Hamlet directed by Kurita Yoshihiro and performed by Ryutopia-Noh Theatre (Teatrul de Operă şi Operetă ‘Elena Teodorini’, 25th April, 2010)
Unfortunately, the live performance of this production was replaced by a film screening because the company, scheduled to tour several European cities, had fallen victim to the volcanic ash cloud from Iceland the week before, and their flight to Europe had been cancelled…
This performance was simultaneously, for a Western audience, the most visually ‘alien’ and the most interpretively ‘traditional’ appropriation of Hamlet that I saw at the festival. Perhaps this was why it was the best received production, with universal praise from the audience, and universal disappointment that we hadn’t been able to see it in the flesh. It was a highly accomplished production, localised into traditional Japanese forms. (To what extent a ‘localised’ adaptation becomes ‘Orientalised’ or ‘exoticised’ in an international setting is a question I’d like to consider further, although not in this blog post.) The Japanese aesthetic is pleasing to Westerners (think of its influence on interior design): in it, in a very generalising sense, we read simplicity, cleanness, sophistication. One of the most striking things for me about this production was that it made an ugly play into something beautiful.
Ryutopia Noh Theatre re-imagined its Hamlet on a minimalist Noh stage, but like the Shanghai Theatre Academy, it combined different genres: western-influenced ‘spoken theatre’, Japanese Noh and Bunraku (Jōruri) puppet theatre. These were used interpretively throughout, adding depths of meaning. The most startling and effective innovation was to have Hamlet, played by the magnificent Kouchi Hirozaku, sit centre stage throughout, cross-legged in long robes, his head shaved like a Buddhist monk, speaking to the audience, but only moving occasionally to turn towards the action taking place behind him. The effect of this was to make the play all about Hamlet, and as Michael Dobson (Birkbeck University) said the next day, how much closer can you get to the Romantic interpretation of the play than that?! However, this literal centralisation of Hamlet also took us very far from these traditional interpretations. April Chaplin noted how it went against every expectation of the ‘mad’ Hamlet running about the stage (think how energetically ‘Dr Who’/David Tennant put on an ‘antic disposition’ at the RSC last year) and yet still Kouchi, perhaps because of his very stillness, exuded insanity. For me there were three possible interpretations. Firstly, that everything was taking place in Hamlet’s head, his mad imaginings, or that he was somehow making everything happen, the mad puppet master, or else, he was remembering reality, driven mad by his powerlessness in the situation. However,further light was thrown on this the next day, when I spoke to one of the Japanese delegates, Kaori Kobayashi (of the Asian Shakespeare Intercultural Archive, Nagoya City University). ‘Yes, it could be all those things,’ she said diplomatically. ‘The director [her friend] wants there to be multiple interpretations. Another interpretation in Japanese culture is that Hamlet, at the moment of his death, remembers the story.’ I am certain that there must be something very Zen in all of this, something about the dualism of life and death, the need to leave behind the ego, but I am not knowledgeable enough about this form of Eastern philosophy to take this further at present.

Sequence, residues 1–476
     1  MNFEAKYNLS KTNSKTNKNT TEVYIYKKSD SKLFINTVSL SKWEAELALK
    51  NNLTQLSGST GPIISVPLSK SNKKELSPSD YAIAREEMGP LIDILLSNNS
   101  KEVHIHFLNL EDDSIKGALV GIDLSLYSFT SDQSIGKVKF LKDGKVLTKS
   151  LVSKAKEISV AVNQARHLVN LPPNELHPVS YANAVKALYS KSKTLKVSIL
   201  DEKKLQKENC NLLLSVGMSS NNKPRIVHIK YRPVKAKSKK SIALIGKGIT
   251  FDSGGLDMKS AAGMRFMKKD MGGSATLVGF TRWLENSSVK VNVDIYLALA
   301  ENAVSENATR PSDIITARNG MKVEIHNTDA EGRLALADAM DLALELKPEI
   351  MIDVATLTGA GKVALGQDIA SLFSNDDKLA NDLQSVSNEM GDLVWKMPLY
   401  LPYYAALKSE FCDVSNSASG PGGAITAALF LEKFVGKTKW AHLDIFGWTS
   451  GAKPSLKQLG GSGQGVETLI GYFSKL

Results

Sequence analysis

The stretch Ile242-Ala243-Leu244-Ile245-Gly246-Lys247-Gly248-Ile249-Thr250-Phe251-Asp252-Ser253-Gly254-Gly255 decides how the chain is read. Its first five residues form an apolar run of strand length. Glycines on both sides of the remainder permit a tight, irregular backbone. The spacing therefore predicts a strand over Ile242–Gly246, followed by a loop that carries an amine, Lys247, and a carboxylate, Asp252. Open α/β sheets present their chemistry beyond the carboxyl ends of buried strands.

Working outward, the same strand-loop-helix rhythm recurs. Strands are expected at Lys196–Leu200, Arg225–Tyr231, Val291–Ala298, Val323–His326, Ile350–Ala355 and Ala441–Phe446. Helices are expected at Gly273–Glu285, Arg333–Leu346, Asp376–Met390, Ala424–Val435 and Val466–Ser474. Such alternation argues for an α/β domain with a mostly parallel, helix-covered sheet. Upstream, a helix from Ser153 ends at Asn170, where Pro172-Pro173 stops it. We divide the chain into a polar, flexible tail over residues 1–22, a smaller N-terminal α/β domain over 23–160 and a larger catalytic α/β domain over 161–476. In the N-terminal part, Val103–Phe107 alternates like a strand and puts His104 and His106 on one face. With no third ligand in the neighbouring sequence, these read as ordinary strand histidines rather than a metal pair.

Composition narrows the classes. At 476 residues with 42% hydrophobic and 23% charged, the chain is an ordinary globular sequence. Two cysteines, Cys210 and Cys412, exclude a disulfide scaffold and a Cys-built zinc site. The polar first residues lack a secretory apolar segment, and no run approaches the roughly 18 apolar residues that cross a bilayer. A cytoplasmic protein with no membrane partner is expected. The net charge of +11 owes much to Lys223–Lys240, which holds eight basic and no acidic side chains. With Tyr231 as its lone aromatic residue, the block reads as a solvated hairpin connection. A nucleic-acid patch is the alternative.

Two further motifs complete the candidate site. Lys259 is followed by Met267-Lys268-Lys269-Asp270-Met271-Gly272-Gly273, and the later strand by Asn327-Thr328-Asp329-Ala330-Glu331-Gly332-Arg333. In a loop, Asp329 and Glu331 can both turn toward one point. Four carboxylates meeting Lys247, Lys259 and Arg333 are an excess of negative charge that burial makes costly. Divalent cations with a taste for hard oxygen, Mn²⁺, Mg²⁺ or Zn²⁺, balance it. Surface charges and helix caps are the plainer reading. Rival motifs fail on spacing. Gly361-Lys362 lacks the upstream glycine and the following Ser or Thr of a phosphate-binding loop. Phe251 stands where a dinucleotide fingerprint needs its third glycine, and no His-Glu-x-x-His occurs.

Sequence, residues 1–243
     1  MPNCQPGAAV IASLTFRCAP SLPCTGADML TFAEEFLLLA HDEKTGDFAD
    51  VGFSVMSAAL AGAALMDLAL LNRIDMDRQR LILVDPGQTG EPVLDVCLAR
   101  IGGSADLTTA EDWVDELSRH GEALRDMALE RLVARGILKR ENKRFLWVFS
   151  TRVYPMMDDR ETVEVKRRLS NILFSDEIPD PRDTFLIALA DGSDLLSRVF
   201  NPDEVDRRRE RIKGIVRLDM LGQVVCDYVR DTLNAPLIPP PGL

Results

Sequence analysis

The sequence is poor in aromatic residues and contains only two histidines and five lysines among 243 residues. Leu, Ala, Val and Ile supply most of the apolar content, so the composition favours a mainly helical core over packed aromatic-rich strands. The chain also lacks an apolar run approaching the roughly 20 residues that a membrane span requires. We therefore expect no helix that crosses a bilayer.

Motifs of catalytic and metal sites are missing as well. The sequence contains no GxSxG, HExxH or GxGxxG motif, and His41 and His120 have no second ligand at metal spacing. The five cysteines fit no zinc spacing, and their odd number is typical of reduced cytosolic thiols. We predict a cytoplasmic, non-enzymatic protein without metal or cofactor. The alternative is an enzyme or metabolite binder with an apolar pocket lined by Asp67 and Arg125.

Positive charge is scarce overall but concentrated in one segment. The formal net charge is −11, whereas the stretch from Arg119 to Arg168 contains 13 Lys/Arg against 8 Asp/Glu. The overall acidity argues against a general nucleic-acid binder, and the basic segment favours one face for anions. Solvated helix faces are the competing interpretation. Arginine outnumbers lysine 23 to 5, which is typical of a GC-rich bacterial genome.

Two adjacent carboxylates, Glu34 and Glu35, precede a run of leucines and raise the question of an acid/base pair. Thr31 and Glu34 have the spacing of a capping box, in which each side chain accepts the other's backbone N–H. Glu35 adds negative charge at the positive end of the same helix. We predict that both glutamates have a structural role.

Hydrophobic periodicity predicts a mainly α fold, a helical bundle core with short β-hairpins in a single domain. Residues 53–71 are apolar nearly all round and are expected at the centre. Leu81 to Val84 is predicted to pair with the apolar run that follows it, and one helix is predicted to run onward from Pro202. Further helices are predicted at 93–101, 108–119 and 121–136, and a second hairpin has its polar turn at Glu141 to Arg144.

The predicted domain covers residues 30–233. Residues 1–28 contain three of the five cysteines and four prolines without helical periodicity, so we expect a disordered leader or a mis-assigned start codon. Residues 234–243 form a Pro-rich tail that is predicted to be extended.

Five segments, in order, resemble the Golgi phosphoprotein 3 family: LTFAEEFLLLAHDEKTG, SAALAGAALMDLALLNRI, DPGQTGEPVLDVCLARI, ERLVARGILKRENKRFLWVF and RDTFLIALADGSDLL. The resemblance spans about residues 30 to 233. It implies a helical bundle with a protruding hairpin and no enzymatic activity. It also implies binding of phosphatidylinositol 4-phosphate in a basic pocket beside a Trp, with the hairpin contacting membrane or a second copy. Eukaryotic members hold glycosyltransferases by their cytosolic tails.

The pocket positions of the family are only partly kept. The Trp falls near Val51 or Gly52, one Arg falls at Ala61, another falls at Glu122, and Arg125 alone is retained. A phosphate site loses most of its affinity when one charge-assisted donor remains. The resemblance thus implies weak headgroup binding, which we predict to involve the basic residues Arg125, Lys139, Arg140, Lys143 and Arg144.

As I mentioned earlier, the action took place around him as the spoken theatre actors – Claudius, Gertrude, Polonius, Laertes, Ophelia – continued their performance as if Hamlet wasn’t there. Claudius, in his very humanness, drew audience sympathy towards him, especially in contrast to Hamlet’s interiority. Gertrude was regal, aloof, cold; Polonius, a wise courtier rather than a doddering old man. Laertes and Ophelia were young and carefree. All the cast wore long robes, apparently relocating Denmark to mediaeval or early modern Japan, although Claudius, Laertes and Polonius had blonde hair, referencing the Danes. Claudius also wore a western crown, further destabilising a fixed sense of time or place. This crossing over of the ‘foreign’ and the ‘familiar’ also raised questions of which was foreign and which was familiar in this setting?
In addition to the main characters, there were also three women in plum coloured kimonos, their faces painted like dolls. These women were the Jōruri element, their movements imitating puppets, and at key moments they acted out either Hamlet’s thoughts or his actions, such as the final fencing scene. They also became the Players performing ‘The Mousetrap’, the only time that the other characters became aware of their presence. This play-within-a-play was dominant, becoming the central focus of the entire production. A musician with a Japanese lute also chanted the narrative at times during the production: this is also an aspect of Jōruri theatre.
A final word is needed about Ophelia. She was light and girlish, neither oppressed woman nor strident revolutionary. However, when she re-entered ‘mad’ she, too, had become a puppet.